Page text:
BRADFORD MP Naz Shah has attempted to defuse tensions after a Batley Grammar School teacher reportedly used an "inappropriate" resource in a religious studies lesson.

Protesters gathered outside the school last week and called for the teacher in question, who is suspended, to be sacked.

The school received a number of complaints about the reported use of an image taken from the French satirical magazine Charlie Hebdo during a religious studies class.

The school has apologised over the "inappropriate" image and suspended the teacher.

In an interview on British Muslim TV, Naz Shah, MP for Bradford West, said: "There has been a lot that has been said over the issue that took place at Batley Grammar School.

"Let me be clear that we must be calm and collected when looking at this debate.

"And I completely condemn any notion of violence full stop.

"Extremists on every side want to divide communities and pit us against each other and further push the us versus them rhetoric.

"So let me start by thanking the headteacher for the leadership he has shown.

"Unlike the Prime Minister, this headteacher recognised that things went wrong, acknowledged the pain felt by the local community and took decisive action.

"So I do want to thank the headteacher for doing the right thing.

"The issue at the forefront is not about freedom of speech nor is it about cartoons, but is about safeguarding and protecting children.

"Freedom of speech is an integral part of our democracy. It is this very freedom that allows me to do my job, to debate, to discuss and to critique.

"And I get it, and I know many of you are hurt by these images and so am I.

"I don't need to show an Islamophobic image depicting the Prophet with a turban and a bomb to raise discussion, debate and conversation.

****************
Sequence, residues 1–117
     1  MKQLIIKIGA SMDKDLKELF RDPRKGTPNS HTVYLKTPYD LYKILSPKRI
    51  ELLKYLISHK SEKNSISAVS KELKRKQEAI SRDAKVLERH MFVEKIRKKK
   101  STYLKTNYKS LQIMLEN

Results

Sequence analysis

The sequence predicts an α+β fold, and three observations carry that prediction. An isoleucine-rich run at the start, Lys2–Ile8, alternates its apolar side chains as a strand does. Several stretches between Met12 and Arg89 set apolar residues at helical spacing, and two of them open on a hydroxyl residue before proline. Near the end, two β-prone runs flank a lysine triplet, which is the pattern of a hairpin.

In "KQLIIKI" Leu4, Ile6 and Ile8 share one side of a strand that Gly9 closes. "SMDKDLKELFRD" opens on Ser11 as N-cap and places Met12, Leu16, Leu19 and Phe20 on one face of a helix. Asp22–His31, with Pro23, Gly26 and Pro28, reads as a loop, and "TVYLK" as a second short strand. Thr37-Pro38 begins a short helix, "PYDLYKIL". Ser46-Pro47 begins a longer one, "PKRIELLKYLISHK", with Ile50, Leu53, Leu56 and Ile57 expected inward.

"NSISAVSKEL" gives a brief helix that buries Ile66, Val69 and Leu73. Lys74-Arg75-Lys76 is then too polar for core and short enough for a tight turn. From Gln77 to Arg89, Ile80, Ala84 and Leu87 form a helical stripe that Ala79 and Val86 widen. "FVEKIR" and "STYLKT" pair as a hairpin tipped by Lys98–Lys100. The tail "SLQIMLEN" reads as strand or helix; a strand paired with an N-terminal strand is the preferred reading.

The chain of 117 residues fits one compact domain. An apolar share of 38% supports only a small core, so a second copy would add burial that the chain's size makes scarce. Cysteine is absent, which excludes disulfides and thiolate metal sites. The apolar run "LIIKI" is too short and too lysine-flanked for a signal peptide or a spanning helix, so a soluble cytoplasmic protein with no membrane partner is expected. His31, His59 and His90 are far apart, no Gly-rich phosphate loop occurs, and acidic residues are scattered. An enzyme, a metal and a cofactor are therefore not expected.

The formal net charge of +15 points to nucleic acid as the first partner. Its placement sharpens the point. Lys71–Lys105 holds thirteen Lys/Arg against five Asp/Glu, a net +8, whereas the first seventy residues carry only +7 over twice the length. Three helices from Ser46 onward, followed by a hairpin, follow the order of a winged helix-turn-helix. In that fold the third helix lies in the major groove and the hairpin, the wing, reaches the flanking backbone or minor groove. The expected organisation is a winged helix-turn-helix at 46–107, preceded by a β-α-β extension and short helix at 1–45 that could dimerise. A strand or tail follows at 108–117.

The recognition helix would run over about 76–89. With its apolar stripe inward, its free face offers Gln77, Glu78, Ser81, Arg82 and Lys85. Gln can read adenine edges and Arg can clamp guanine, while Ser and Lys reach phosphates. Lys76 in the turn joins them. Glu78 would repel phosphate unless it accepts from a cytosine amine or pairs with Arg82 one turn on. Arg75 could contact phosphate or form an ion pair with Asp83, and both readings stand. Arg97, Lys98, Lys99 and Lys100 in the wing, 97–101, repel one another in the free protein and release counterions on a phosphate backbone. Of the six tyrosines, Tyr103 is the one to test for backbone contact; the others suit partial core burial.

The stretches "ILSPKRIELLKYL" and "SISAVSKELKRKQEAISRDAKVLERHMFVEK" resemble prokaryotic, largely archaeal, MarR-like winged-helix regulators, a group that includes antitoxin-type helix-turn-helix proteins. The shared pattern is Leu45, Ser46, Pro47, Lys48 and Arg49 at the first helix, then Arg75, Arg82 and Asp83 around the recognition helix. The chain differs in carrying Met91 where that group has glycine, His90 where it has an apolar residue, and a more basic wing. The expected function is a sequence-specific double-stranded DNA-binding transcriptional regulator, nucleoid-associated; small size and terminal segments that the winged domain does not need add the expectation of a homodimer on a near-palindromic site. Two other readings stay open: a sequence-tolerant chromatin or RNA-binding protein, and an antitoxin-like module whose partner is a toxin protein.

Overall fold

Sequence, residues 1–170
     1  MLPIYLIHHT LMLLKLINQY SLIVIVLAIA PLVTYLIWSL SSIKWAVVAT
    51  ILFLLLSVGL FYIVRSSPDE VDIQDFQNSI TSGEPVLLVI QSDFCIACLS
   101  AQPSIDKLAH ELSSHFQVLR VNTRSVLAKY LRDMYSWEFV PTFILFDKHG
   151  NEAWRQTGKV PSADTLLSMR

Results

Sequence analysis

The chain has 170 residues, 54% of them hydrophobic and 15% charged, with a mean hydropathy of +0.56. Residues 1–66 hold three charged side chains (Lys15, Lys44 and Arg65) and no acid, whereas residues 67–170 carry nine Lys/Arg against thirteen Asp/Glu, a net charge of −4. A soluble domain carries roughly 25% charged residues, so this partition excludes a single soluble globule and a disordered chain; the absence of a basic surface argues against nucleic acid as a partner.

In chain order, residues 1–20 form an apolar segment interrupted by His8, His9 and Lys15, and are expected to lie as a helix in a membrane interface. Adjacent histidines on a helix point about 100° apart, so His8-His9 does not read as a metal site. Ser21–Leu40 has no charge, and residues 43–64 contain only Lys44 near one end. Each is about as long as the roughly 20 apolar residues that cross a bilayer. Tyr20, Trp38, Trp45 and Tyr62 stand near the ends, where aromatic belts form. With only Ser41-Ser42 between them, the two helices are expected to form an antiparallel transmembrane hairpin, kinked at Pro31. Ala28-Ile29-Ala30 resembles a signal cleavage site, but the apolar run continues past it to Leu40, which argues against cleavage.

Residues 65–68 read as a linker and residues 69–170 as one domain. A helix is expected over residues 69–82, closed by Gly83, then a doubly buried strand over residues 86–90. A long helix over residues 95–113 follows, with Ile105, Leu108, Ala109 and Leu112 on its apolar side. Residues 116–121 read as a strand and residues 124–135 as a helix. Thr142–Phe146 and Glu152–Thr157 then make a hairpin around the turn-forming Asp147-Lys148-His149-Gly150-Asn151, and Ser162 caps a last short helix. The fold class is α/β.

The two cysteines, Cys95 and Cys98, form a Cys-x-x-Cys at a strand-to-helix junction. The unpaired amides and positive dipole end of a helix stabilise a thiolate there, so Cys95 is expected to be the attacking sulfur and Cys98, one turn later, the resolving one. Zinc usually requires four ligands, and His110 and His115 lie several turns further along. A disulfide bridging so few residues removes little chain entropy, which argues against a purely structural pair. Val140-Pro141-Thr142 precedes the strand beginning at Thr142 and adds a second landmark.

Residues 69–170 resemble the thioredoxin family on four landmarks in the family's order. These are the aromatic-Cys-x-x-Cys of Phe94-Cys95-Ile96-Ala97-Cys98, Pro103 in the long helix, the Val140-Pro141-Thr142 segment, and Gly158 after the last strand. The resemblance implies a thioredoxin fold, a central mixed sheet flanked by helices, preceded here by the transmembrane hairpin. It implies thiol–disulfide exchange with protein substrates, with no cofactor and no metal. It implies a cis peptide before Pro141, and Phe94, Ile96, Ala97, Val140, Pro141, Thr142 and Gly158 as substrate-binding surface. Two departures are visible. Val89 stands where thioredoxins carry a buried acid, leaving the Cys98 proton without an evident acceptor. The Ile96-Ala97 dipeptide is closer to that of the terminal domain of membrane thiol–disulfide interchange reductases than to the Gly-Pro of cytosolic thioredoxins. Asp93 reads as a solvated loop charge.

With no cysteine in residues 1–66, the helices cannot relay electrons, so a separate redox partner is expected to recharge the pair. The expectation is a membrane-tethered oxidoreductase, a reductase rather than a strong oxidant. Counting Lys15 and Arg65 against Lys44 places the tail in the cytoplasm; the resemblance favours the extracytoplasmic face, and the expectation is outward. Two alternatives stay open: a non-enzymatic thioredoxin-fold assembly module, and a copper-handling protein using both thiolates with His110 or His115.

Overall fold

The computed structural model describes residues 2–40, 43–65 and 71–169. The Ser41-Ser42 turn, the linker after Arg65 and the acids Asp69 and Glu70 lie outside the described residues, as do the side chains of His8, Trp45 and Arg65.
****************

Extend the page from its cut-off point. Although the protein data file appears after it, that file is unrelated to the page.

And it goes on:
"Because there are other ways we can have meaningful conversations on these topics in the classroom and reach the same goal without causing upset.

"The government's own hate crime reporting centre over the years has reported an increasing level of Muslim pupils in schools being bullied for their religion and being labelled as terrorists.

"In this school, parents have highlighted similar sentiments too.

"In that context, to show an Islamophobic image was the wrong thing to do.

"But the school has apologised, the teacher is being investigated and due process is taking place.

"So people can either continue to protest or see sense and allow the process to take its course, and if you ask me what I think should happen, I think we respond with compassion because that is what my Prophet, the Prophet Muhammad, would do.

"He was the first and worst victim of Islamophobia. And what did he say? What did he do? He was most generous, kind, gentle, brave, humble, protecting, caring, honourable and giving.

"People make mistakes. Ignorance leads us to positions where we make mistakes and fail to understand the sensitivities.

"So there was one caricature shown in a classroom, but what I'm saying is what we, through our actions, show the true caricature of the Prophet, peace be upon him, one of love, mercy and compassion."